The supermarket business has always been notoriously competitive but it is becoming even more so. They way customers are shopping has shifted – they are less loyal, less likely to do big weekly shops, more likely to top up at convenience stores or order online.

There are also more competitors taking share from the big four of Tesco, Sainsbury’s, Asda and Morrisons. At the top end of the market that is Waitrose and Marks & Spencer, while at the lower end Aldi and Lidl are experiencing double-digit annual growth, according to figures from Kantar Worldpanel for the 12 weeks to 14 September. Tesco suffered the biggest year-on-year sales drop in the period, followed by Sainsbury’s (see table at end of story).

Customers said they felt like they needed a calculator to work out if they were getting the best deal

Sarah Warby

Many speak of these low-priced German brands as if they are a new phenomenon, but Warby is quick to highlight that they have been trading in the UK for more than 30 years. Things are different now, however. Aldi and Lidl are appealing to a new audience of customers that would never previously have shopped in their stores, attracted by the quality of products such as smoked salmon and wine and the low price of its fresh fruit and vegetables.

Sainsbury’s knows there is a growing threat, and perhaps also an opportunity, in the low-price end of the market – hence its tie-up with Dansk Supermarked to bring the Netto brand back to the UK after a four-year absence. Shore Capital analyst Darren Shirley has called it an “inspired move”, although cautions that “it has all to prove”. The first stores are set to open in the north of England this autumn.

Warby calls the venture a “very interesting branding challenge”, needing to balance Netto’s brand history with the fact that the business didn’t thrive previously. Tom Hampson, who was formerly head of new business marketing at Sainbury’s, is taking on the role as Netto’s UK marketing director, although he stills sits with the rest of the Sainsbury’s team at their office near Holborn in London.

Warby believes the role is a brilliant opportunity for Hampson and testament to the opportunities available to people at Sainsbury’s.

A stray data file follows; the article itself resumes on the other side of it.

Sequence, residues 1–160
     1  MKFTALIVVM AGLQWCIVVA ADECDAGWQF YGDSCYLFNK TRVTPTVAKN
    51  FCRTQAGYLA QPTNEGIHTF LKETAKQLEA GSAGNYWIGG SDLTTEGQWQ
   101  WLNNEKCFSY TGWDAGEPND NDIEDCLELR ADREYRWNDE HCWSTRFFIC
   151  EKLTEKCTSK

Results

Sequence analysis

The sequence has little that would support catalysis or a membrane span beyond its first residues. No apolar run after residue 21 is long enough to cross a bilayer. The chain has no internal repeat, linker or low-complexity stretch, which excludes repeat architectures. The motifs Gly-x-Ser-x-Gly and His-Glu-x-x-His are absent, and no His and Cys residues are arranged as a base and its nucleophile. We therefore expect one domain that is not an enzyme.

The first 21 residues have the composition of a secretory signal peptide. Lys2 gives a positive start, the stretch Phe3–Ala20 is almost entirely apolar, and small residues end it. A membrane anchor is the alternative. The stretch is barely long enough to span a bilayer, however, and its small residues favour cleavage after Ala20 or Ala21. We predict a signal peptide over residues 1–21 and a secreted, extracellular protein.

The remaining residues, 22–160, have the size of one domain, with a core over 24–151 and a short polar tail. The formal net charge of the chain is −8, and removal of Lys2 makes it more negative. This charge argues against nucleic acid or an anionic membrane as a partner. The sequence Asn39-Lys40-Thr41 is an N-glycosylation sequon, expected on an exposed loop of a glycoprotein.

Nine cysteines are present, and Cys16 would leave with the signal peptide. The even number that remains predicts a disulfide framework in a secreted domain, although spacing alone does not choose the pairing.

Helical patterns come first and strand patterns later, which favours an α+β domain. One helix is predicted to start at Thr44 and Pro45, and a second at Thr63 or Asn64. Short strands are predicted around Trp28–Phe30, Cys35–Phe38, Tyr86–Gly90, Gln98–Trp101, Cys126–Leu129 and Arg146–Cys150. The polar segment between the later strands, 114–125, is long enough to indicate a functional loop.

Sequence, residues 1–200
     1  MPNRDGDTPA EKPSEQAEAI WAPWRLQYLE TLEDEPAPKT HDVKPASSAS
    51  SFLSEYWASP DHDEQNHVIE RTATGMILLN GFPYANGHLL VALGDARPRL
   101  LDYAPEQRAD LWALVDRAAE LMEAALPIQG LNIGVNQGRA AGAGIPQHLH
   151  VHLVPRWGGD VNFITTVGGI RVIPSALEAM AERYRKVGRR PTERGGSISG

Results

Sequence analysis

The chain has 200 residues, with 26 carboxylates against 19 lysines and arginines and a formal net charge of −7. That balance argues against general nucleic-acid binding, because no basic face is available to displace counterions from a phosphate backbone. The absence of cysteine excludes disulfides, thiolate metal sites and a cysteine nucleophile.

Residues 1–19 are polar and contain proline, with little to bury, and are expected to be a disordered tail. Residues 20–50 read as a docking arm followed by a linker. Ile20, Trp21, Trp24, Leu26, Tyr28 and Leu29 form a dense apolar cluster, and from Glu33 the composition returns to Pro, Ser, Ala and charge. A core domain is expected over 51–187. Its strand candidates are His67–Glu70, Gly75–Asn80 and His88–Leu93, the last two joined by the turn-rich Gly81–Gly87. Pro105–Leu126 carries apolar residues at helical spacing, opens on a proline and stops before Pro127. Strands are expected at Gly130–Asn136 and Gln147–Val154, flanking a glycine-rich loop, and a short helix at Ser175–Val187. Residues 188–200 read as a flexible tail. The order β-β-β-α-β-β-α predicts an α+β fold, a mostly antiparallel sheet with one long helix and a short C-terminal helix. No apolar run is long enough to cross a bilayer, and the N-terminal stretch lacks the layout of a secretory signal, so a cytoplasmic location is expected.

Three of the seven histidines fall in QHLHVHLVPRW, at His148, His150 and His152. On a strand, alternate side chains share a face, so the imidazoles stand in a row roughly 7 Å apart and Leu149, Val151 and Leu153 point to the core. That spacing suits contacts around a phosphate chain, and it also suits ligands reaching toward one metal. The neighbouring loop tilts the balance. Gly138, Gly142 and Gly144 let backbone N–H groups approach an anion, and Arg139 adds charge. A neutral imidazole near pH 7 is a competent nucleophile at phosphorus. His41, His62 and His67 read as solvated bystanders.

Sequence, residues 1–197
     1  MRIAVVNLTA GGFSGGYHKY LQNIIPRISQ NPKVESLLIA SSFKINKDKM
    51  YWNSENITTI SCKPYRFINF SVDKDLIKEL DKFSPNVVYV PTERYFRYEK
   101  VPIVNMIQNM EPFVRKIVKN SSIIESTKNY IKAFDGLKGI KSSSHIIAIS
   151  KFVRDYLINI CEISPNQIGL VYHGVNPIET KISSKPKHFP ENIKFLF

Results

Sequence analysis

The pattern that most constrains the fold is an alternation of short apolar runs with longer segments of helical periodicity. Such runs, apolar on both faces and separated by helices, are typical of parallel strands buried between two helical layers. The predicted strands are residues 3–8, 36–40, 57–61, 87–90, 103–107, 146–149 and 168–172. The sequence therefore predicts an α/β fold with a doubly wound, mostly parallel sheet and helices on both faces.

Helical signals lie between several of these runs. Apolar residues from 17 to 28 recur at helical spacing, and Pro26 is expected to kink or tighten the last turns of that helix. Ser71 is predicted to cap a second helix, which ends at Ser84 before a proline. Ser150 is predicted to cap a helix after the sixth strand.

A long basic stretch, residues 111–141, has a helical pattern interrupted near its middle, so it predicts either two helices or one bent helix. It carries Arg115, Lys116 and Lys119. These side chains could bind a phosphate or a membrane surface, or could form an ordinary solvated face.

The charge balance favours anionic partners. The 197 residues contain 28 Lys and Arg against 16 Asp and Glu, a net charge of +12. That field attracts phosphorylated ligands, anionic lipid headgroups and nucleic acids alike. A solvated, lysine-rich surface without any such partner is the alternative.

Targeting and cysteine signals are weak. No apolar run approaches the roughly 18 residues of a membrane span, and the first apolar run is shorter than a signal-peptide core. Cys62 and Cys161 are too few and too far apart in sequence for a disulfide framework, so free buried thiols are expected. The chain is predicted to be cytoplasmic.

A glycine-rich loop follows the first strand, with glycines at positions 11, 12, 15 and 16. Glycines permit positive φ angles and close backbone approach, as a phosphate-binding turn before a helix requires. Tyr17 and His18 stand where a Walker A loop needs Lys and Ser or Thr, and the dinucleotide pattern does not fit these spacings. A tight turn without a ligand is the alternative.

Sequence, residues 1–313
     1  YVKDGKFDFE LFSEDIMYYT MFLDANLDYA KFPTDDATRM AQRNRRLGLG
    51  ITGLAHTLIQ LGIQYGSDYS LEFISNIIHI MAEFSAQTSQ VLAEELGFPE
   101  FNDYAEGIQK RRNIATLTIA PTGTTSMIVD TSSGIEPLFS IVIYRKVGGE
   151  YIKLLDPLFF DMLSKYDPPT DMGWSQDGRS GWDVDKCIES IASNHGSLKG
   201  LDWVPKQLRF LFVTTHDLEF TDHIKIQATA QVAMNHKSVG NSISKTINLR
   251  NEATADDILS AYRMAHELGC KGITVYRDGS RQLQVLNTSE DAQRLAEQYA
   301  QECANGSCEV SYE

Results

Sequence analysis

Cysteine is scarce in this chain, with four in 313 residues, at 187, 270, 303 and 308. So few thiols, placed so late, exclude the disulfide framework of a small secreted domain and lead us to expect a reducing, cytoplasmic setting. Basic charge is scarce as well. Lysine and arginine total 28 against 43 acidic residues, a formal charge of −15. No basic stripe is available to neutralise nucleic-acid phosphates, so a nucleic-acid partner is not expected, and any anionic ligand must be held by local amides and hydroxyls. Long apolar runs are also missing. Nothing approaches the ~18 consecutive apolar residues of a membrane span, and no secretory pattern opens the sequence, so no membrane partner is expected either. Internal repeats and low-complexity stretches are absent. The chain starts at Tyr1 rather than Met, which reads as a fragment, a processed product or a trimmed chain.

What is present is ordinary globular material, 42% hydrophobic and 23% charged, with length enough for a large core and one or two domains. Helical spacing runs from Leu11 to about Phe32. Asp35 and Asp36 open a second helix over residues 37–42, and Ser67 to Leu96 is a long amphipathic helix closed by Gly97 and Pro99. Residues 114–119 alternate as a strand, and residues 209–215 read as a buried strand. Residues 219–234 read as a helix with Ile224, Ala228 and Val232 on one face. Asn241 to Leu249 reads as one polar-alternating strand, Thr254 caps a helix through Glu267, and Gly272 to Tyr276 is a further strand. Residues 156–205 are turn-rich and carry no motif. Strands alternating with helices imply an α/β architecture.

“There aren’t many places where you have people doing one job and the business will go ‘hey, why don’t you give this a shot’. There is something really peculiar to this company where if you have the right attitude and we think you’re up for it and you think you’re up for it we’ll support you to do something that is not obvious in your career,” she says.

Warby admits to being a little jealous of that opportunity and the breadth of experience people can now get early on in marketing. She explains that her career has been “very linear”, starting out as she did at Unilever before leaving for Heineken.

Still, moving across from FMCG to retail is a big jump and one that is high on the news agenda at the moment following the arrival of former Unilever marketer Dave Lewis as the chief executive at Tesco. What is it that attracted Warby to retail?

“The utter customer obsession of the entire organisation,” she responds. “I don’t care what anyone says, in my experience in FMCG, it is patchier than it is here. And the incredible proximity I have to my customers. There is no middle man anymore. I can talk to my customers immediately all the time.”

Warby believes FMCG sets marketers up for the retail environment. She says working at Unilever and Heineken taught her “an awful lot” about how to develop customer knowledge, insight and understanding.

“You learn how to develop customer insight when you’re in FMCG. There is a discipline and a theoretical customer centricity and a brand obsession that, when you bring it here, falls on really fertile ground. In retail there is an opportunity to actually do something with it,” she adds.

Nevertheless, she admits finding the speed of retail a stark contrast to FMCG, where marketing was focused around certain events throughout the year.

“The speed is a shock. Everything is faster here – light-speed faster. Our job as marketers is to be able to cut our brains in half and one minute be thinking about point-of-sale and at the same time about five-year brand strategies. I have to be able to look incredibly short-term and incredibly long-term simultaneously,” she says.

Sainsburys My goodness range
Sainsbury’s ‘My Goodness’ range

She admits that some people won’t be able to cope with the speed, but that hasn’t stopped Warby filling her ranks with people from multiple backgrounds. Mark Given, head of brand communications, held roles at Heineken, Procter & Gamble and O2, while head of insights Alex Owens has a background in banking from his time at Lloyds. Sophia Weir, advertising and media category manager, was previously at media agency Mindshare.

“If you look around our floor we’ve got analysts, people from hotel chains, people who know about service delivery and how to bring service to bear and really execute a customer proposition in person. I will take talent, whatever their background. We are very much ‘recruit for attitude and train for behaviour’,” she says.

So what next for Sainsbury’s? The pricing and promotions campaign will run through October and then the supermarket will be into the crucial Christmas shopping period. Sainsbury’s has a lot to live up to this year after its bold move last year with ’Christmas in a Day’. That campaign saw the supermarket create a 50-minute film, created by Oscar-winning director Kevin McDonald using footage sent in by customers of their experiences of Christmas.